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The definition of Redress

redress documentation imageDo you ever feel like the world is ganging up on you? Sales and letting agents are the whipping-boy of the property industry, they have to belong to an approved redress scheme and can be fined up to £5000 if they do not. The agency, seemingly, is always in the wrong, while buyers, sellers, landlords and tenants are – until proved otherwise – the wronged party.

The inference is that the agent is a ‘rogue’ but the number of ‘rogues’ is lower than you’d think.

One big issue with redress is that with so many ways to complain, and a rising awareness of our rights, complaining is very popular. The national press delight in reporting on heartbreaking stories of clients let down by rogue agents, always with the inference that it is a common problem, that estate and letting agents, are generally untrustworthy – patently unfair.

However, all three redress schemes: The Property Ombudsman, Property Redress Scheme and Ombudsman Services: Property, are still growing in membership and, as a result are reporting an increasing number of complaints. Business is brisk.

The Property Ombudsman (TPOS), for example, reported a 42 per cent year-on-year rise. However, TPOS has over 30,000 member offices and its latest report showed just over 8000 complaint enquiries, only 1375 of these resulted in ‘accepted claims’ taken forward for resolution, so while the increase in enquiries and complaints may sound bad, but the percentage of complaints against the number of members is much less worrying.

Lettings concerns

Agents though, do worry. They worry that while estate agency is regulated, there is still no proper regulation of the private rented sector, too many agents still don’t belong to a redress scheme – or do belong but ignore the Code of Practice. Alan Stewart, Director & Head of Residential Lettings & Management at Caxtons Chartered Surveyors is frustrated that there is still a lack of statutory regulation.

“In October 2014, The Property Ombudsman (TPO) issued a press release highlighting a sharp increase in the number of consumer complaints in the residential lettings sector. This was at the same time as the requirement for every agent to register with an approved redress scheme came into effect. It is is clear that the voluntary code of conduct amongst letting agencies is still not working and that landlords and tenants are left at risk. “The message, promoted by the industry, its regulators and fully compliant agents only to use regulated agencies does not seem to be reaching the consumer.

“It appears that some landlords and tenants are easily lured into a web of danger by agents who, on the surface, appear to be legitimate but are actually cavalier in their attitude to clients. Management fees may be a little cheaper, credit checks a bit less rigorous – and another unsuspecting bargain hunter is taken in.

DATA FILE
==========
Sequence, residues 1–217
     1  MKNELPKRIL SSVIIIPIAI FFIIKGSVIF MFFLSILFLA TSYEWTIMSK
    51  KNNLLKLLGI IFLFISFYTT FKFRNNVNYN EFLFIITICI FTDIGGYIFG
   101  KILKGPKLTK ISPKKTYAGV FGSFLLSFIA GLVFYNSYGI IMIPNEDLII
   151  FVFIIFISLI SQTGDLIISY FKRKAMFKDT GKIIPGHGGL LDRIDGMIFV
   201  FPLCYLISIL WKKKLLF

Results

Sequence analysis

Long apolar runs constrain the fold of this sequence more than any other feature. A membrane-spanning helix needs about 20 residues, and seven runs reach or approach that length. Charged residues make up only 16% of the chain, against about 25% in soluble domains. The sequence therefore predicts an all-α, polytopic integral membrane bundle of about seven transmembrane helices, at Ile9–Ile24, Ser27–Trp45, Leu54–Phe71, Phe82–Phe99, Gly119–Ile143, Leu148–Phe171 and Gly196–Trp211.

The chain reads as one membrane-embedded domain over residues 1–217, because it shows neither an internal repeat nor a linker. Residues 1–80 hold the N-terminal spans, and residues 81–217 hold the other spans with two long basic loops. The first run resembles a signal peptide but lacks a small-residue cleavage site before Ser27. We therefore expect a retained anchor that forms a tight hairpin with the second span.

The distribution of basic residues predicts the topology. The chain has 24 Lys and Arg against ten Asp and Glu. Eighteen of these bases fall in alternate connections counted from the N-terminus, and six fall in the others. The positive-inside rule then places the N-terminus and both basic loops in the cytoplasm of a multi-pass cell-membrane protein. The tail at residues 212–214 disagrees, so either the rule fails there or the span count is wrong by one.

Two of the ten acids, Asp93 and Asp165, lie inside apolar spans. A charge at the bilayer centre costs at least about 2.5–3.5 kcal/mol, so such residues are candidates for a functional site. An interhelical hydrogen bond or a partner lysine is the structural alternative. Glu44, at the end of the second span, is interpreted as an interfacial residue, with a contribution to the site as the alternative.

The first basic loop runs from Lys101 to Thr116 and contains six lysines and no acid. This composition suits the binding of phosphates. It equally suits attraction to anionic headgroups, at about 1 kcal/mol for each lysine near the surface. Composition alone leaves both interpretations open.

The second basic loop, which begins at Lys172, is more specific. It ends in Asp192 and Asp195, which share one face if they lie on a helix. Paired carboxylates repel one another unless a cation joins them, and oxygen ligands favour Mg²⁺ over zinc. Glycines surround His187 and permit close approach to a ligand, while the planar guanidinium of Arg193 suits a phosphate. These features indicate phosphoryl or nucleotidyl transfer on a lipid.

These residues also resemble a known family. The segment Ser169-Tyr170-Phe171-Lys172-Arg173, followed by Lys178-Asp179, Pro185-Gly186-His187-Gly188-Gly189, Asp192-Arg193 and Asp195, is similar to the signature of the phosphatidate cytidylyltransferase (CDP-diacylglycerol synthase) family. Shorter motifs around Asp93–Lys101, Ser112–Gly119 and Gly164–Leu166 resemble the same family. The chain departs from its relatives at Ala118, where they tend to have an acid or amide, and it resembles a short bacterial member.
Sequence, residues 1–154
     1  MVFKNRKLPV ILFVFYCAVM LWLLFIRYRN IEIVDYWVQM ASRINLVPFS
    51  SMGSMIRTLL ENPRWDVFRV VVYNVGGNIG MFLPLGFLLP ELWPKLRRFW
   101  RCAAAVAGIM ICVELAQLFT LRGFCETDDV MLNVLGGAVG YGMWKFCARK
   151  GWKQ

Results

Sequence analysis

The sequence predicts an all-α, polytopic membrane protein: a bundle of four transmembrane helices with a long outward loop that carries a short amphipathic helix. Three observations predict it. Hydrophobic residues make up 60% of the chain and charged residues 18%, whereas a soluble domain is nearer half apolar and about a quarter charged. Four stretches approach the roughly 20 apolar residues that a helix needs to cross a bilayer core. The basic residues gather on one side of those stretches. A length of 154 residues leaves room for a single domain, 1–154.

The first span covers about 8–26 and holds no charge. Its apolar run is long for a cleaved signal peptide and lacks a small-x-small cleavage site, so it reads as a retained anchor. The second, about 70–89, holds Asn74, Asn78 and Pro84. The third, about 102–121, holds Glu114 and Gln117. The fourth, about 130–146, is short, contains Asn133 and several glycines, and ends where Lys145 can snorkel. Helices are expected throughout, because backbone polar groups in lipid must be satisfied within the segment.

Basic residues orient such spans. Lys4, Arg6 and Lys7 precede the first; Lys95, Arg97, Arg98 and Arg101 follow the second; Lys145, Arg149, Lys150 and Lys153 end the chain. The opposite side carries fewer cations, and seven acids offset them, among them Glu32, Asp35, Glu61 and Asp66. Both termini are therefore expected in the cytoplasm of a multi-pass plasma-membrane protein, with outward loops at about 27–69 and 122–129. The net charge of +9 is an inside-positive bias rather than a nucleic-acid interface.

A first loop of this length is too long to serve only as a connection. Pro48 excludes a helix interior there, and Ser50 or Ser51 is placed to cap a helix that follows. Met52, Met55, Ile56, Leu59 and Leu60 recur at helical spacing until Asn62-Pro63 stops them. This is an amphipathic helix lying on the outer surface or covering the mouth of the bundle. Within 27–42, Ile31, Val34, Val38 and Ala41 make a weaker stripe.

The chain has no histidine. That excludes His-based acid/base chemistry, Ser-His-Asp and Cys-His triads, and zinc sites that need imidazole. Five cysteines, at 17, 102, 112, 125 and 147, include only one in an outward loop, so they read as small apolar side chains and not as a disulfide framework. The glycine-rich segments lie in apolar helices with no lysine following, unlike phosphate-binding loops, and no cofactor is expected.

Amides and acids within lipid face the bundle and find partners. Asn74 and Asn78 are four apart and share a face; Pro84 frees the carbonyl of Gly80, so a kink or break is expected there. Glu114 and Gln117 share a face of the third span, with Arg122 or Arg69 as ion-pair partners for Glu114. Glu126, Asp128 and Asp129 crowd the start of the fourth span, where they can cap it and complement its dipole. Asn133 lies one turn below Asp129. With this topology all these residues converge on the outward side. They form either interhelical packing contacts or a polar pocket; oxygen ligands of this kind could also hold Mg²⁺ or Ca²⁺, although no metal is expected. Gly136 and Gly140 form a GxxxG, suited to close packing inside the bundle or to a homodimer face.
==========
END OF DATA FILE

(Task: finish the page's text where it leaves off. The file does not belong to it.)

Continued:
“Organisations such as the ARLA and RICS and tenancy deposit schemes are all designed to protect the consumer. But landlords and tenants are still ignoring these safeguards and are being conned by unscrupulous letting agents.

“I am a strong advocate of formal regulation for the lettings industry. Honest traders would have nothing to fear but it might stop the majority of dishonest and unprincipled lone wolves and fully protect a naïve public.”

Deposit battles

While the three redress schemes handle a wide range of complaints, the tenancy deposit schemes focus purely on the resolution of disputes about the return of tenants’ deposits. The largest of these is The Dispute Service (TDS) which has just published its latest Annual Review (17th September 2015).

TDS now protects 1,135,769 deposits with a value of £1.3bn in England and Wales, plus 91,751 in Scotland and 23,338 in Northern Ireland. The figure for England and Wales shows an increase of £100 million since March 2014 – £300 million more than the other providers. TDS also saw a substantial 25 per cent increase in deposit disputes to 11,900, which as the only scheme which allows landlords to raise disputes, is clearly, in part, owing to a continued growth in membership.

Fifty-three per cent of the received disputes were raised by tenants, 35 per cent by agents and 12 per cent by landlords.

Membership

The Property Ombudsman: £195 + VAT per office, plus a one off joining fee of £50+ VAT.
Property Redress Scheme (PRS): starts at £95 + VAT for each office, with extra charges levied if complaints are escalated to Stage 4.
Ombudsman Services: per company – approximately £150 +VAT. RICS members may find membership is included in their subscription fees.
The Dispute Service (TDS): from £9.25 + VAT per tenancy (discounts can apply)
MyDeposits: Variable fees.
Deposit Protection Service: £9.50 per deposit for registered agents for the insured scheme, custodial despoits are held free of charge.

Find out more:

The Property Ombudsman www.tpos.co.uk
Ombudsman Services www.ombudsman-services.org/property
Property Redress Scheme www.theprs.co.uk
The Dispute Service (TDS) www.tds.gb.com
MyDeposits www.mydeposits.co.uk
Deposit Protection Service (DPS) www.depositprotection.com

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